Contractors who are owed by the government in various sectors have taken their demand for payment a notch further by petitioning the Asantehene, Otumfuo Osei Tutu II to intervene, MyNewsGh.com reports.
Consequently, a meeting has been scheduled on Wednesday, August 14 at the Manhyia Palace where the contractors would meet the Ashanti King, MyNewsGh.com has confirmed.
A circular sighted by MyNewsGh.com, inviting “all contractors owed by the Government of Ghana”, entreats all contractors to “try to be at the meeting as it would serve as a viable platform and tool for the success of our struggle for the future of our business”.
Contractors in the country have in recent times voiced out their frustrations over government’s refusal to pay them for work done.
In July, some aggrieved contractors stormed the Ministry of Roads and Highways to demand the immediate payment for works executed for the government, but their effort would not yield any fruits.
It took the police to avert any unforeseen circumstance, preached for calmness while protecting the main entrance of the ministry building.
The Ministry of Roads and Highways has however not been forthcoming with explanations on why it has taken so long to pay the hundreds of contractors.
Some of them say they have lost hope in the government and have had cause to predict its return to opposition should the trend continues unabated.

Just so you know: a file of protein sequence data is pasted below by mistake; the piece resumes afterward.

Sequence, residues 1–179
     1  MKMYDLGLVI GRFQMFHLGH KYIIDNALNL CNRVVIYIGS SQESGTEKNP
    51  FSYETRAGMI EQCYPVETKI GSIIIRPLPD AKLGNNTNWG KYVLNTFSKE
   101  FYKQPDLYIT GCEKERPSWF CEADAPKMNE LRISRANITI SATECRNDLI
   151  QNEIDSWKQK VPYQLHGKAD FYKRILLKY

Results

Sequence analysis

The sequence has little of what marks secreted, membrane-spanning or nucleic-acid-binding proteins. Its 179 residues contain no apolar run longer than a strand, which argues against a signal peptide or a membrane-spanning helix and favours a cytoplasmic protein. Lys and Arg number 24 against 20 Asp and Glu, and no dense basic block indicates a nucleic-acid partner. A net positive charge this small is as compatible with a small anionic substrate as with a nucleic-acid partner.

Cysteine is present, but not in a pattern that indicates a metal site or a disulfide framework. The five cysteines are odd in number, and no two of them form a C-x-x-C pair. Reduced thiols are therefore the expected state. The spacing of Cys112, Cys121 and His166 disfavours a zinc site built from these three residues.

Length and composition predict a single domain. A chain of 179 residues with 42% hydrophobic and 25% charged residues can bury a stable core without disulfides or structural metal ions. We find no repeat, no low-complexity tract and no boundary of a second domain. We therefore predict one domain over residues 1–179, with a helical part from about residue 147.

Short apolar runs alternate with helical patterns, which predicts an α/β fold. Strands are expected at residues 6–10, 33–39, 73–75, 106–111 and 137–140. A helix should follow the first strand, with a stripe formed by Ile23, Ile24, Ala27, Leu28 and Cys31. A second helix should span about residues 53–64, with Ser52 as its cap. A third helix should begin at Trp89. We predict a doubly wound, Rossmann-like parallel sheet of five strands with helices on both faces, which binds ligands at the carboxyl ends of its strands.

Founder of the Progressive Contractors Association, Akoa Kofi Owusu Achiaw in an interview with Angel News last week attributed the deaths of some twenty-contractors since this government came into office to “non-payment”.
According to him, the posturing, utterances and general attitude of the appointees of this government are injurious to the chances of the New Patriotic Party (NPP) to staying in power.
The minister in an interview on Kumasi-based Angel FM last week condemned government for being indebted to contractors and charged it to by all means possible, find money to settle the age-old debts, but chastised contractors for using the situation as a yardstick to stifle government projects.